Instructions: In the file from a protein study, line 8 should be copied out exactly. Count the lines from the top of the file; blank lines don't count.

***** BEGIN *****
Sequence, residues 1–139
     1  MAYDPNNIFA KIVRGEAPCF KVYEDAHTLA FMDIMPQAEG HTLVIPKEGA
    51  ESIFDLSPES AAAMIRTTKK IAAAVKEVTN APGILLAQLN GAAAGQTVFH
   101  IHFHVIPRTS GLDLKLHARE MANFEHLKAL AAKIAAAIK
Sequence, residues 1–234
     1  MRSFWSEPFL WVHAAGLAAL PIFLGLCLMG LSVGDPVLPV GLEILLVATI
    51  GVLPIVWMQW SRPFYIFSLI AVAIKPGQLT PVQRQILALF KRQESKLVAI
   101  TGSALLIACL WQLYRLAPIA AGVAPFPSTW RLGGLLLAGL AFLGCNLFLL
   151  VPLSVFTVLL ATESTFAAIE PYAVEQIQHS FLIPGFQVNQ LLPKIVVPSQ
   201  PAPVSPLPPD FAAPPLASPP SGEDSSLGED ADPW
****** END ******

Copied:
   101  TGSALLIACL WQLYRLAPIA AGVAPFPSTW RLGGLLLAGL AFLGCNLFLL